Many Hispanic and Latino/a students have a major asset in their lives: their families. There’s often a tight-knit closeness and deep connection that makes la familia the most important thing in their lives.

“Family relationships are at the core of social life among Latinos,” Belinda Campos, an associate professor in the Department of Chicano and Latino Studies at the University of California, Irvine, told Greater Good Magazine. She said that “familism is indicated by valuing interconnectedness among family members, preferring family members as the first source of social support.”

Families of Hispanic and Latino/a students value higher education, Jacob Fraire, director of policy and strategy at the Diana Natalicio Institute for Hispanic Student Success at the University of Texas at El Paso, told The Texas Tribune. Yet, it’s important that they see how the institution will be an extension of their family.

Juliet García, former president of the University of Texas at Brownsville, told the paper she remembered a Hispanic mother telling her, “Te la estoy entregando” or “I’m putting her in your hands” when she recruited a student chess player. “I remember thinking, ‘Oh my gosh, that’s right. She thinks that I’m going to know everything that’s going on in the dorm and in the chess team,’” Garcia said. “They assume if they’re bringing their child from Brazil or from Mexico, that you are now taking care of their jobs. So it is a heavy load to embrace.”

The Role of a Student within a Hispanic or Latino/a Family

College is often a group decision within Hispanic and Latino/a families due to the collective nature of their family structure. This cultural context values interdependence and connection to others, with the most important consideration often being how individuals’ desires fit in with the people around them, according to Intercultural Programs USA.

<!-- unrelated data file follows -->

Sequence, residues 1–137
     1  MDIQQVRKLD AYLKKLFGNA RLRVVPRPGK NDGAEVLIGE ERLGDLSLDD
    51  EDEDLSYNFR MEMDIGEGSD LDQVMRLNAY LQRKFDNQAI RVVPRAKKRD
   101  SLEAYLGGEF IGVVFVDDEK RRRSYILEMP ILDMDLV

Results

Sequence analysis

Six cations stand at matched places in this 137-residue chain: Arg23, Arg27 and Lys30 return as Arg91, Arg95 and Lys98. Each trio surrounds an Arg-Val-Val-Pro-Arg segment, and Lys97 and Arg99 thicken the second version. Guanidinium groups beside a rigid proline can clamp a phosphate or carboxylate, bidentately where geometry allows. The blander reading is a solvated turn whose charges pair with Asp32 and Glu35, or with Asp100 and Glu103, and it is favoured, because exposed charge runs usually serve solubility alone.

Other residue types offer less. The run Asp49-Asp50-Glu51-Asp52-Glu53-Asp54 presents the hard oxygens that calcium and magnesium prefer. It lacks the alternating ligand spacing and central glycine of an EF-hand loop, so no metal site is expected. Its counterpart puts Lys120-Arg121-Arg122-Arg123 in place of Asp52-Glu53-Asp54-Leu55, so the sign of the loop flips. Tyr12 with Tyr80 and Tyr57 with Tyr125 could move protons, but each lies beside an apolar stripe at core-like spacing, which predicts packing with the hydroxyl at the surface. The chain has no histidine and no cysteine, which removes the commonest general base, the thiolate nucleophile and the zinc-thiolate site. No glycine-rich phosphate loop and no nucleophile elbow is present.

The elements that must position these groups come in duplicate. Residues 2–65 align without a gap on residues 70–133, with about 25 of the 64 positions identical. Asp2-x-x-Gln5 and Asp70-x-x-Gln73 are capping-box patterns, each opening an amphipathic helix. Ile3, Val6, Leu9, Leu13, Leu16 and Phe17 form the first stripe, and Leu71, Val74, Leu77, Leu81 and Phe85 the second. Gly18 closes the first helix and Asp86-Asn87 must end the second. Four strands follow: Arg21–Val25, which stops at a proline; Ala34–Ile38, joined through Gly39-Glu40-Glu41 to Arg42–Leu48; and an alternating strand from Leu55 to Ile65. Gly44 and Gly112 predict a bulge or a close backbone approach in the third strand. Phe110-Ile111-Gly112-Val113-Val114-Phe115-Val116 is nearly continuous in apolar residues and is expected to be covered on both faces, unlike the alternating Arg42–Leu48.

“Removing a child from the household potentially means removing family income or a caretaker for siblings or other family members,” Chris Nieto, senior vice president for program development and expansion at the National Hispanic Institute, said in Creating a Sense of Community and Belonging for Latinx Students, The Journal of College Admission. “Latinx students need to have continued dialogue with their family about what college will look like in the future for the entire family; this can begin as early as ninth grade so by the time a student enters their senior year, the family is ready and supportive.”

Sources: Intercultural Programs USA,; Creating a Sense of Community and Belonging for Latinx Students, The Journal of College Admission, Fall 2018; Greater Good Magazine, 1/25/22; The Texas Tribune, 8/8/22

Learn more about topics like this and many others within our BRAND NEW Support Hispanic and Latino/a Students: Asset-Based, Culturally-Conscious Approaches to Engage, Support & Retain resource.